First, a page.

The chunky, hook-nose coho buck with big shoulders weighed in at an even 10 lbs. and was 29″ long and had a girth of 17″! According to the Washington Department of Fish & Wildlife, local Puget Sound coho range from 6-12 lbs and can be up to 31 lbs. Having caught a 10 pounder, I can’t imagine hooking into a 30 pounder!

Coho salmon steaks

Coho salmon steaks

The fish was so thick that I decided to cut the salmon into steaks rather than filleting it like I usually do. Unfortunately, I did not own a big butcher knife or butcher bandsaw so the steak cuts were not perfect. Nevertheless, these steaks will be excellent steamed or grilled.

 

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Coho Salmon Fishing on the Olympic Peninsula

 Posted by on September 4, 2012 at 6:59 am  Outdoors  No Responses »
Sep 042012
 
Coho salmon from the Olympic Peninsula

Coho salmon from the Olympic Peninsula

Fishing for coho salmon in a bay in the Olympic Peninsula is one of my most anticipated activities of the year. Coho salmon usually start returning to this Olympic Peninsula river in mid-August. I really enjoy the sight fishing aspect of this fishery.

When I arrived at the bay one day last week, a couple dozen fishermen were already positioned along the banks of the river anxiously waiting for the coho to swim upstream. When the fish swim by it becomes a free-for-all with lines going in every direction. It’s amazing not more people get hooked. And when the fish pass by, everyone calms down again until the next wave of fish.

The first schools of fish are usually the smaller hens followed in a couple of weeks by increasing larger fish especially the bucks. Some of the males can reach double digit pounds. A minimum of 8 or 9 weight fly rods and large arbor reels with strong drags are needed to control and land these fish.

At the end of the day, I was rewarded with my first coho of the 2012 season. That evening, my family enjoyed the first fresh grilled coho of the year. We’re hoping for many more fresh salmon dinners this fall.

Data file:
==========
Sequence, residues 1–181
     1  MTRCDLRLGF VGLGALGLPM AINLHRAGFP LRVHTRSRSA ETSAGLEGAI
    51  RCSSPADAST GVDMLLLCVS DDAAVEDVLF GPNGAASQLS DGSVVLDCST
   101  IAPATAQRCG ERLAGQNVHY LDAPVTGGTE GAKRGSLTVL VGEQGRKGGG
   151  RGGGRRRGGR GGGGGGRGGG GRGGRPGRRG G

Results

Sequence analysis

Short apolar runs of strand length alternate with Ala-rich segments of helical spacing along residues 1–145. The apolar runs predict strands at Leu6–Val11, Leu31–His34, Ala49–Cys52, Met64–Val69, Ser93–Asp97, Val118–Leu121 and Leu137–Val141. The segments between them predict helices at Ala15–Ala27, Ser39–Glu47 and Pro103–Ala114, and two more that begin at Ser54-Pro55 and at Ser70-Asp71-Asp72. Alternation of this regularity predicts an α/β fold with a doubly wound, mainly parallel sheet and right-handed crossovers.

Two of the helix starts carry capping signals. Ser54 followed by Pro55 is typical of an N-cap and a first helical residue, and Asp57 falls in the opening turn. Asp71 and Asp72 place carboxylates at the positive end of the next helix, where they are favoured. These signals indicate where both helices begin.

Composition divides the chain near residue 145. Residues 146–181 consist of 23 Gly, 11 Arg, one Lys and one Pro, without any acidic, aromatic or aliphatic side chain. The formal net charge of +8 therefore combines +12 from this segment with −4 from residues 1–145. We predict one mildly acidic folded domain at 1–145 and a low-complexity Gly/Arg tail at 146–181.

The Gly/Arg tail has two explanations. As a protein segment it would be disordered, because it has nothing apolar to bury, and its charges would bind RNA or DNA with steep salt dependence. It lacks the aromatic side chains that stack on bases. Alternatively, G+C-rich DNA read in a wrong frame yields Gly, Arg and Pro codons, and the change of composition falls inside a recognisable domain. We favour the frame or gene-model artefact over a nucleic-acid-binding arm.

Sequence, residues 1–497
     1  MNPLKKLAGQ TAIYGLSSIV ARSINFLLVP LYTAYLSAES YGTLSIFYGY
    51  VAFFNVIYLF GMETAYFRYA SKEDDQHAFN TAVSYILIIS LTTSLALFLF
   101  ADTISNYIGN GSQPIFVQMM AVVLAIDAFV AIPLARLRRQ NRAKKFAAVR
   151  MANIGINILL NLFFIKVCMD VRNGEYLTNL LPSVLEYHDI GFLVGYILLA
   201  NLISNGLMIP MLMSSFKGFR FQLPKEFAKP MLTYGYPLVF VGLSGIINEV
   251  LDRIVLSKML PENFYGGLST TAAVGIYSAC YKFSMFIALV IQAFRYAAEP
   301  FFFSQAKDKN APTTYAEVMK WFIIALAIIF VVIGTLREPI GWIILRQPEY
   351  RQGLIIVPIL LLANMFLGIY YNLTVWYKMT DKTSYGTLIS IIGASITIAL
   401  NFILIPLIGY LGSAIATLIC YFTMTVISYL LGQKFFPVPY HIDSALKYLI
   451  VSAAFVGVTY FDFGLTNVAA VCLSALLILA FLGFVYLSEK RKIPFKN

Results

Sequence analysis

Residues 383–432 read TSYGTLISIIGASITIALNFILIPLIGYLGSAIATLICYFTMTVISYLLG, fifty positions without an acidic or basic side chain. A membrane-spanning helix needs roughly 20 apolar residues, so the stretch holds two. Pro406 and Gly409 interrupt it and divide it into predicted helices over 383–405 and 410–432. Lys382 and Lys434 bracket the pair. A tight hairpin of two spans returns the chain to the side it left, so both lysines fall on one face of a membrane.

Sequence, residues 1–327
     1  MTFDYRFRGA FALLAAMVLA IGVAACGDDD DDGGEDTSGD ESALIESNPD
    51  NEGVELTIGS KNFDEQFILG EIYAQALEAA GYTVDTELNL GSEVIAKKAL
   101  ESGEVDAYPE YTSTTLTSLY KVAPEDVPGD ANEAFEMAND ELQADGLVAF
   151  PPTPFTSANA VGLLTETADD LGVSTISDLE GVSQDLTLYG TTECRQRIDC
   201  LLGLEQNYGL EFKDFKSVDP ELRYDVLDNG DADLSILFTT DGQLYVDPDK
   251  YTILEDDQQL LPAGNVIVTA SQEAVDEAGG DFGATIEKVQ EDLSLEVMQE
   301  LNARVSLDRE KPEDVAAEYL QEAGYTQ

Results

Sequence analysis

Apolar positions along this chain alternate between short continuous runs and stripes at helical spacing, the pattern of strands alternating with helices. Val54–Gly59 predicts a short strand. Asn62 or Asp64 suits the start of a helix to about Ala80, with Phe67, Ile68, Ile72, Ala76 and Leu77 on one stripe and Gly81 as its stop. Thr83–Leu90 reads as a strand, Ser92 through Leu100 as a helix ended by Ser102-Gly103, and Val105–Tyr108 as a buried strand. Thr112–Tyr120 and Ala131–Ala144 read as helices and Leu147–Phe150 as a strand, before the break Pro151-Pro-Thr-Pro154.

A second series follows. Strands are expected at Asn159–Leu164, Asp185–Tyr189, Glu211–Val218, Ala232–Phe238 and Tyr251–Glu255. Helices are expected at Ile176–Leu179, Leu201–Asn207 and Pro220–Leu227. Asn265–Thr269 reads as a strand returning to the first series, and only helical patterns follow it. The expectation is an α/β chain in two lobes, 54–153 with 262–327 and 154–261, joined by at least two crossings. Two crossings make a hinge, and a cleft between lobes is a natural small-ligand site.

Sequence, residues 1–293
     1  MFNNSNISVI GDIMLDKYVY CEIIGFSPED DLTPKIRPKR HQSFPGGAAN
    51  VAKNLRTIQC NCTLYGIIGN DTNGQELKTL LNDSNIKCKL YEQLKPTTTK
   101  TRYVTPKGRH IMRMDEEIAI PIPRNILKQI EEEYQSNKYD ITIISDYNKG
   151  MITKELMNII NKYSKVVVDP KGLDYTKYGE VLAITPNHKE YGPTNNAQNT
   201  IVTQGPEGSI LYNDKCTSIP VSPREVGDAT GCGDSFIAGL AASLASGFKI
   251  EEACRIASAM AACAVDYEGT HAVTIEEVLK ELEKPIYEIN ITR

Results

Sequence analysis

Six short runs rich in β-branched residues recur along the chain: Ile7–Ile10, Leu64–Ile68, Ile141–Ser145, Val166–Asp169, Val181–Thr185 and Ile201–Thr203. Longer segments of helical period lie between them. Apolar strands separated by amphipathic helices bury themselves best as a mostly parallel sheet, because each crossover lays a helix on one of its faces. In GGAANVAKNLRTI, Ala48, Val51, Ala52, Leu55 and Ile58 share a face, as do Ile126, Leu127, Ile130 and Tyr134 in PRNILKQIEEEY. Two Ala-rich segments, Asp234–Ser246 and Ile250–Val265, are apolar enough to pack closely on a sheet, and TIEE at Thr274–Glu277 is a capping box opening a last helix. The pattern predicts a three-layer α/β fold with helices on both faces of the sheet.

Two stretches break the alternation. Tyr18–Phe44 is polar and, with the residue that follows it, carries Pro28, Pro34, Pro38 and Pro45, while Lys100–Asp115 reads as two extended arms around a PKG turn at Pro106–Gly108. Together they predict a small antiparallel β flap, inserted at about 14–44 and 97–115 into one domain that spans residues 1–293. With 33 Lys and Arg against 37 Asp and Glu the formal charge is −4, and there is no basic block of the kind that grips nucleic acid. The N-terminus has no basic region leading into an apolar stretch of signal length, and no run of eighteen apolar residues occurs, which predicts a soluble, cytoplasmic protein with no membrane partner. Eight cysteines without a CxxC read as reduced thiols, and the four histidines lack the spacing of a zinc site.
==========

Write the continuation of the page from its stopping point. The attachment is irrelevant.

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Jul 282012
 
Monster rainbow from Corbett Lake, BC

Monster rainbow trout from Corbett Lake, BC

The other week, I had the fortune to visit Corbett Lake in British Columbia near Merritt to do some trout fishing. Located in the foothills of the Cascade Mountains in BC, the lake has an elevation of about 3500 feet. Corbett is a private, fly fishing only lake known for its trophy-size rainbows up to 18 lbs. Before going there, I was very incredulous that rainbows that big could inhabit this lake.

Large rainbow with chartreuse bunny leech fly

Large rainbow with chartreuse bunny leech fly

On the second day of fishing, I was trolling the depths using a large chartreuse bunny leech under a full sinking line when something big bit my fly. I could immediately tell that this was not like the 20″ fish that I caught earlier in the day. Nope, this was a substantial fish.

I tried my best not to play the fish too long to avoid unnecessary stress on the fish but my 5 wt. with 6 lb. tippet was underpowered for this fish. After several runs into my backing, the fish tired and I quickly brought him in.  I had to get one of my friends on another boat to help net the monster. We caught glimpses of the bruiser just below the surface and knew he was going to be a trophy fish. His head was as big as a salmon’s.

 

Reviving "Walter" before release back to the depths

Reviving “Walter” before release back to the depths

When we got him into my measure net, his head and tail stuck out beyond the net and the numbered inch markings. He was 30″ long and had enormous shoulders! The owner of the lodge later estimated that he weighed a good 14 lbs!

We slowly revived him before we let him go back to the depths of Corbett Lake.

The fish handily beat my previous personal best rainbow of 26″ when I fished the Alagnak River in Alaska a couple of years ago.  Hopefully, I’ll see “Walter” again in a future trip to Corbett Lake.

 

 

Sunset at Corbett Lake, BC

Sunset at Corbett Lake, BC